Atsushi Onita is generally credited with bringing the deathmatch style of professional wrestling to Japan. Most American pro wrestling fans are familiar with Japanese deathmatch wrestling thanks to Mick Foley (competing as Cactus Jack), who famously took on Terry Funk in the finals of IWA’s King of Deathmatch tournament on August 30, 1995 at Kawasaki Baseball Stadium, but Onita was having deathmatches in Japan as far back as 1989, even going so far as to create his own promotion, the legendary Frontier Martial-Arts Wrestling, or FMW. FMW might be the very first hardcore wrestling promotion, as ECW didn’t go “extreme” until 1994 and Combat Zone Wrestling wasn’t even founded until 1999.
Ever since releasing the underrated classic Supreme Entity back in 1999, Japanese brutal death metallers Vomit Remnants have been something of an on again / off again band; Metal Archives lists their years active as 1997-2001, 2001-2005, 2015-present. This might explain why it took them nearly two decades to record and release a follow-up in the form of this year’s Hyper Groove Brutality, but rest assured it was more than worth the wait.
A few years back, I wrote a piece about Relapse Records’ noise/ambient sub label Release Entertainment, which concurrently exposed me to a variety of experimental sounds as I was in the beginning stages of my deep dive into the worlds of death metal and grindcore. One of the key albums in the Release catalog was Inner Mind Mystique, the seventh full length from Japanese noise provocateur Masonna (aka Yamazaki Maso).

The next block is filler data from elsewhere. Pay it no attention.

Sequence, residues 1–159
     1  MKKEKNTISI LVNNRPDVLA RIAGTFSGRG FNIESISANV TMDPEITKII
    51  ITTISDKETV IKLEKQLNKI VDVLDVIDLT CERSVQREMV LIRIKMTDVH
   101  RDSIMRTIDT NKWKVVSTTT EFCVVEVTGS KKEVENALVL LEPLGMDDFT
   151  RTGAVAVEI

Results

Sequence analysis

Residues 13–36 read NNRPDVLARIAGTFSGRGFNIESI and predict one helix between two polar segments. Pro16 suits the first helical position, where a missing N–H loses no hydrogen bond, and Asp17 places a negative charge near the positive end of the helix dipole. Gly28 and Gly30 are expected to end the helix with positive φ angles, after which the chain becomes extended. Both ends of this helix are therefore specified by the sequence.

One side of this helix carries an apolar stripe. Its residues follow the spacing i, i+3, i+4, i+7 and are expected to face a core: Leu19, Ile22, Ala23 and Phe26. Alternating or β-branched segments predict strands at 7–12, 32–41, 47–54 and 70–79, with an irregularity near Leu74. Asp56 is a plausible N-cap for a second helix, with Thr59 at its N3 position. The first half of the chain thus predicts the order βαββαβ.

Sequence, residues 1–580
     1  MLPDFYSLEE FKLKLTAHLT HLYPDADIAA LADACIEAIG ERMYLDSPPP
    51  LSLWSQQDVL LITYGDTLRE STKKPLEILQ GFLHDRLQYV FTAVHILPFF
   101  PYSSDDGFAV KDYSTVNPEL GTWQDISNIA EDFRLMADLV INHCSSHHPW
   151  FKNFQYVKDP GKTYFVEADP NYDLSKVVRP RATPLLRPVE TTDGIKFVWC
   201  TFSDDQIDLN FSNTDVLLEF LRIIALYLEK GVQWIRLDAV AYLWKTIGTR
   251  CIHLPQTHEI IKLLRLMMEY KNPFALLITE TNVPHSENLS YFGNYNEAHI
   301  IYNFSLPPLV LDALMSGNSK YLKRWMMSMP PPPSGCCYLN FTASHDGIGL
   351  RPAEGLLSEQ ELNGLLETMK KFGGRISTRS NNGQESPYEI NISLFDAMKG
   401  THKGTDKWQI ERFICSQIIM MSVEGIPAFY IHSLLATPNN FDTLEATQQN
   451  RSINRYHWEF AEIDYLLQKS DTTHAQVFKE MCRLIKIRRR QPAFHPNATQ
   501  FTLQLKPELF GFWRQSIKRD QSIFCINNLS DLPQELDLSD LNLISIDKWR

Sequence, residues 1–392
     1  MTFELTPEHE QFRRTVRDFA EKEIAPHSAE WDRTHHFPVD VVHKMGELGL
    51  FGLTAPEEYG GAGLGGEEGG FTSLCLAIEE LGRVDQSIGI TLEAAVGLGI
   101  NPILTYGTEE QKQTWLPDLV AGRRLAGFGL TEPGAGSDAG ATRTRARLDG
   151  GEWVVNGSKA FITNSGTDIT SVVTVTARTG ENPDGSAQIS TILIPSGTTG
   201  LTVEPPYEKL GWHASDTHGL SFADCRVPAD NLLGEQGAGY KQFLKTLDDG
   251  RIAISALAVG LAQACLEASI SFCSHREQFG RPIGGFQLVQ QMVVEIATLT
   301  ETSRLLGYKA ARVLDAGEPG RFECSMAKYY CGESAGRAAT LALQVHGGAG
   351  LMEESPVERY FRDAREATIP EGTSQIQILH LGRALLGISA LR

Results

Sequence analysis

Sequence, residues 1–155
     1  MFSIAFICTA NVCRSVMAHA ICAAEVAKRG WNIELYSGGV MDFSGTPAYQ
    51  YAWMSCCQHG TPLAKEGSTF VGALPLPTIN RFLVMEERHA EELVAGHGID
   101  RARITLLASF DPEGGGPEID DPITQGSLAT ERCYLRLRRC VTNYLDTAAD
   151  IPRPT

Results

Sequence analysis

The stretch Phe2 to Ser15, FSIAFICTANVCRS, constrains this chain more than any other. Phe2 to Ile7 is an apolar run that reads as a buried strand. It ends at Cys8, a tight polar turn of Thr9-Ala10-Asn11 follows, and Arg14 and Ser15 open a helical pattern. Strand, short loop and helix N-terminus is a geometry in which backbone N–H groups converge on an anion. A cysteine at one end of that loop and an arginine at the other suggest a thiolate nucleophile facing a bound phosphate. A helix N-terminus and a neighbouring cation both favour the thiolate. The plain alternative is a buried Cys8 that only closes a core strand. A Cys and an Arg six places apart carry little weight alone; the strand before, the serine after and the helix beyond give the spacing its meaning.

It’s been a few weeks since I saw Melt-Banana at Harlow’s, and for some reason I just can’t get their set out of my mind. Part of this is no doubt due to the fact that I actually got to see Melt-Banana; sure, they’ve toured the states many times, but keep in mind that I was living in the middle of Iowa up until a year ago, not exactly a hotbed for extreme and/or experimental music. Since we’ve moved to Sacramento, I’ve already had the pleasure of seeing a handful of bands I never imagined I’d get the opportunity to see without traveling great distances (Sargeist and Ufomammut immediately spring to mind), and the Japanese duo are probably number one on the “holy shit, I can’t believe they’re actually playing where I live” list so far.
Many moons ago Relapse Records introduced me to noise. That’s probably a bit hard to imagine for younger folks that only know the label as the beard metal stronghold it is today, but trust me, way back when Relapse was releasing some seriously bonkers shit. You see, Relapse used to have a sub-label called Release Entertainment and it was to noise, dark ambient and experimental music what Relapse once was to death metal, grindcore and the like.
Few bands have captured my attention in 2014 quite like Full of Hell. I had the pleasure of witnessing the quartet’s devastating, show-stealing live set back in August and was blown away by their combination of relentless intensity and determination to push the envelope of grind/hardcore deep into the realms of harsh noise. It was like someone had thrown Jane Doe-era Converge in a blender with Release Records-era Merzbow and set that motherfucker to liquefy; easily one of the most simultaneously challenging and exhilarating live experiences ever. Needless to say, when I caught wind of the announcement that they had signed a deal with Profound Lore and their debut for the venerable label would be a collaboration with the aforementioned Japanese God of Noise himself, anticipation was through the roof and then some.
Japan is home to some of the best contemporary brutal death metal there is. From the sludgy slams of Gorevent to the visceral precision of Desacravity and beyond, the country has a proven knack for producing a variety of takes on the genre that are equal parts completely dedicated and completely fucking bonkers. We can now add Nagoya’s Bleedead to the list, as they’ve dropped twelve minutes of spastic, slamming what-the-fuckery in the form of debut EP Mustma Dorcheme.